When sideboarding, you are mostly going to be substituting one type of interaction for another, depending on what kind of interaction is good in the matchup you are playing. In matchups where creature removal has minimal or no impact, you are going to want to shave it for something more meaningful. In matchups where your opponent’s plan is to kill your creatures and grind you down to few resources, you are going to want to shave on cards that are only good if you already have a creature in play (like Stubborn Denial or Temur Battle Rage) because you can’t guarantee that they will do anything if you draw them. The core cards of the deck are so interdependent on each other that it’s hard to mess with it too much, but there are enough flex slots that if your sideboard is built with your metagame in mind you should be able to set your deck up to win most common matchups.
It may feel weird at first, but with this deck it’s usually correct to pay the 2 life for your shock lands to enter untapped even if you don’t need the mana that turn. Getting a large Death’s Shadow into play early can be very important.
Deciding whether to use Traverse the Ulvenwald early to get your Swamp if you are light on land drops, or to save it to get a creature later on, can be a key decision in some games. Keep in mind that you have this option and don’t be greedy.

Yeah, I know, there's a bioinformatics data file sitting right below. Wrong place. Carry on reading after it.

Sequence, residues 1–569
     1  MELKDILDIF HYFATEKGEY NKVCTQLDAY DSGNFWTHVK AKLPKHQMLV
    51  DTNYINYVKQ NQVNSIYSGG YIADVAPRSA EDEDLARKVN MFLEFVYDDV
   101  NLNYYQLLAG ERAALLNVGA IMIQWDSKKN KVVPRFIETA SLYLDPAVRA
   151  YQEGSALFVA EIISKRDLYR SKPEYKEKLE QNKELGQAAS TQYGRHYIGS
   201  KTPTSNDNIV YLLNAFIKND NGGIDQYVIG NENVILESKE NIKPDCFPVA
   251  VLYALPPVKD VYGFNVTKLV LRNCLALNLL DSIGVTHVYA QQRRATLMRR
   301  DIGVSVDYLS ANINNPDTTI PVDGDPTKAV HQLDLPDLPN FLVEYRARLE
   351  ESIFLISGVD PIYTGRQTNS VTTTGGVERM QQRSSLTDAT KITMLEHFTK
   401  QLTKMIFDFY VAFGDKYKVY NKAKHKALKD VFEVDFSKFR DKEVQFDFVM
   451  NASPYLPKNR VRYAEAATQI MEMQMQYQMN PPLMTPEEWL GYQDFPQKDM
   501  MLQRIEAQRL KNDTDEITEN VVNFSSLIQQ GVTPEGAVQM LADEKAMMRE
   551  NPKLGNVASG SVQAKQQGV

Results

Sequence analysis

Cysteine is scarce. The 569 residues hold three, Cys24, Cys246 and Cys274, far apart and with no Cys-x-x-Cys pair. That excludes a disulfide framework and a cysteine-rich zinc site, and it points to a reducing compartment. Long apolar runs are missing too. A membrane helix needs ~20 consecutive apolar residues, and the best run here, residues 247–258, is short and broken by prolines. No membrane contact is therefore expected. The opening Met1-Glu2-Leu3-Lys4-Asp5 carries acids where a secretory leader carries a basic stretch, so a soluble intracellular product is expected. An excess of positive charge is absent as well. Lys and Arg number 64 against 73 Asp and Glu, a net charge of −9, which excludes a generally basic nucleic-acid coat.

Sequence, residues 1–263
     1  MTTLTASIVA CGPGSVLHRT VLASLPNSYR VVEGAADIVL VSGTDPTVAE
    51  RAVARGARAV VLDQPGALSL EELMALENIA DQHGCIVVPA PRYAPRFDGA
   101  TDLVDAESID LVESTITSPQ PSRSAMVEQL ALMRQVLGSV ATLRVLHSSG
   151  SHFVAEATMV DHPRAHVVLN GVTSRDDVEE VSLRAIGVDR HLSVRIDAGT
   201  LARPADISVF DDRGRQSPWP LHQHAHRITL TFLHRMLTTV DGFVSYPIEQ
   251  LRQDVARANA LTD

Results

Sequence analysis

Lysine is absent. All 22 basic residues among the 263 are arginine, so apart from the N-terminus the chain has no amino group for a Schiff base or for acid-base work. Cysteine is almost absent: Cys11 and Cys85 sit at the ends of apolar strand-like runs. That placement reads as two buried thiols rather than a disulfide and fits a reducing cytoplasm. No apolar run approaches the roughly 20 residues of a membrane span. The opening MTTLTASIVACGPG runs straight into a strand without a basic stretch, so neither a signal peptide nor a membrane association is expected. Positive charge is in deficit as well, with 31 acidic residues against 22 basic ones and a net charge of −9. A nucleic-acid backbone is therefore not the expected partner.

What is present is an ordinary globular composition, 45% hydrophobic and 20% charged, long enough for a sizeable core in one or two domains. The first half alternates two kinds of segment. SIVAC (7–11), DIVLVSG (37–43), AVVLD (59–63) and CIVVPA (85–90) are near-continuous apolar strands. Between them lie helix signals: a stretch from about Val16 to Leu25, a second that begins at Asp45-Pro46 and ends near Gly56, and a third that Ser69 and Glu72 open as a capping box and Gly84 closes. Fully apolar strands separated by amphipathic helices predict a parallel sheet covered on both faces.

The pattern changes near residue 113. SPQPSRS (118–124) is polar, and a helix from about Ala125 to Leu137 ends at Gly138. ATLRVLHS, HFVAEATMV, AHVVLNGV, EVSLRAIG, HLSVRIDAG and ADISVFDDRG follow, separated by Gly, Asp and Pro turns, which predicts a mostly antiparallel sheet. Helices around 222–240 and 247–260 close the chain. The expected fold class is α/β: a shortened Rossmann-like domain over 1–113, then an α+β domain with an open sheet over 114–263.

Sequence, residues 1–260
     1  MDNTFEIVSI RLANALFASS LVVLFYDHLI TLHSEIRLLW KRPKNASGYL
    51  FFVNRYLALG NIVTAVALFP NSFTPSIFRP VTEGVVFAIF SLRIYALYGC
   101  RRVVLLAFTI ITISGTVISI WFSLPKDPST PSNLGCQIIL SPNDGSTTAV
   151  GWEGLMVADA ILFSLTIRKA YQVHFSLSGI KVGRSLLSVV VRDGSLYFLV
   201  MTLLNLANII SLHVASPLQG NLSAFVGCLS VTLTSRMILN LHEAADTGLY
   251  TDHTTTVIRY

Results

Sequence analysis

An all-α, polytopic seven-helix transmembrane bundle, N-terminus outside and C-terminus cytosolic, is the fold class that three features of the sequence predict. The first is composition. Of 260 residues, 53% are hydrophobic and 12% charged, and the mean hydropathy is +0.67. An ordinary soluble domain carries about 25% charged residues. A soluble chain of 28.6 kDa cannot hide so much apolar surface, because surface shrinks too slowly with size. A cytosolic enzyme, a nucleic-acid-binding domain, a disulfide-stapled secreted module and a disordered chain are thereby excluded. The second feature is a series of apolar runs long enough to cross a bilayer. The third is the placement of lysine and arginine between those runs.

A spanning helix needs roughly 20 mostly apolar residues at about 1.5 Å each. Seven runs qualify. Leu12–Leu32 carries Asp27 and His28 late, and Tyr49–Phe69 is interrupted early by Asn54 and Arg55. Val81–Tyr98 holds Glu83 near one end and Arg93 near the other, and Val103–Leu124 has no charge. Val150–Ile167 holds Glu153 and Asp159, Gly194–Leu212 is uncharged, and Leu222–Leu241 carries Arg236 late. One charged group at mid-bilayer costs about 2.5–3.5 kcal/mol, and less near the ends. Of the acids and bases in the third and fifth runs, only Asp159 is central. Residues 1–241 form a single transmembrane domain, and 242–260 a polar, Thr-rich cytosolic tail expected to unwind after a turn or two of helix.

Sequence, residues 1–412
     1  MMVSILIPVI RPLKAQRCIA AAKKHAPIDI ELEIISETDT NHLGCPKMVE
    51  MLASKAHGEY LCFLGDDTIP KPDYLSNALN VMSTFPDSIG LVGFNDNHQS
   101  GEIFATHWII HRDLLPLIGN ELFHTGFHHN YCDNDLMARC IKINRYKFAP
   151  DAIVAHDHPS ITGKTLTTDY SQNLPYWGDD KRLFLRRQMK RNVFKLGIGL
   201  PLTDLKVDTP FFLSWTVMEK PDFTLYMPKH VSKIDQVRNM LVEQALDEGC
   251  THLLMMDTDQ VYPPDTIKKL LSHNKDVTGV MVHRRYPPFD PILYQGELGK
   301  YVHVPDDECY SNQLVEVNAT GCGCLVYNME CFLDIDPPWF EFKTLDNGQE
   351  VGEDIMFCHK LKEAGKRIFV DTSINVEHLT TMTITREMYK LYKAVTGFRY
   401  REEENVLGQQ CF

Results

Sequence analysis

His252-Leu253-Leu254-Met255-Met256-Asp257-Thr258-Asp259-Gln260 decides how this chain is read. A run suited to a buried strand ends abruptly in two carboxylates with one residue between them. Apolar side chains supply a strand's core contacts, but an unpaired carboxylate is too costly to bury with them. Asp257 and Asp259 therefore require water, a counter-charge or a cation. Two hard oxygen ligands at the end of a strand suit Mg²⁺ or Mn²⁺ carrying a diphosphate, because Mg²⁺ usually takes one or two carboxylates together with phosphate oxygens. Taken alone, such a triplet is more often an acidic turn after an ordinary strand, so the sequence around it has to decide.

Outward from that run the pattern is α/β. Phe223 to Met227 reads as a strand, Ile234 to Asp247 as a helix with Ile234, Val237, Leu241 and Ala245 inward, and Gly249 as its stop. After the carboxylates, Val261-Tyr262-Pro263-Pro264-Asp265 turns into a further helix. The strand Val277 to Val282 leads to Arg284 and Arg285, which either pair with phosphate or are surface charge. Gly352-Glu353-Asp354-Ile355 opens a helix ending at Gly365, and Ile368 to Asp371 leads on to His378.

Using Mishra’s Bauble optimally can be tricky. It’s usually correct to use it to look at the top card of your own library when you have access to a fetch land, so you can decide if you want to keep the card you see on top, or shuffle it away. You may also want to use it to look at your opponent’s top card before casting a discard spell, so you have complete information about what resources they will have access to on their following turn when making your decision about what to make them discard.
Street Wraith is a bit trickier to use than it looks on the surface. There are going to be times where you have sufficient action and don’t need to cycle it right away. But, if you are looking for a creature to play and don’t have one, or you know hitting something like a Stubborn Denial will seal the game, go ahead and cycle it. If you have what is probably close to the best possible play sequence already for how much mana you have or the game state, you don’t need to cycle your Wraith right away, as you can get value from it by suddenly pumping a Death’s Shadow in combat, or using it to draw a card you see on top of your deck with a Mishra’s Bauble. Sometimes if games go long enough it can be correct to just cast Street Wraith instead of cycling it as well. It’s easy to just cycle Street Wraith without thinking about it, but considering the reasons why you should or shouldn’t cycle your Street Wraiths right away can give you a huge edge.
Future of Traverse Shadow
Traverse Shadow's flexibility bodes well for the deck going forward. It can adapt to the format easily and only gets hurt by graveyard hate. The possibility of new prints gives Traverse Shadow hope as well. Powerful creatures like Hazoret have found homes in decks like this and the deck could gain more cards like that as new sets roll out. The deck shares a lot of cards with Grixis Shadow; investing in it lends a lot of flexibility.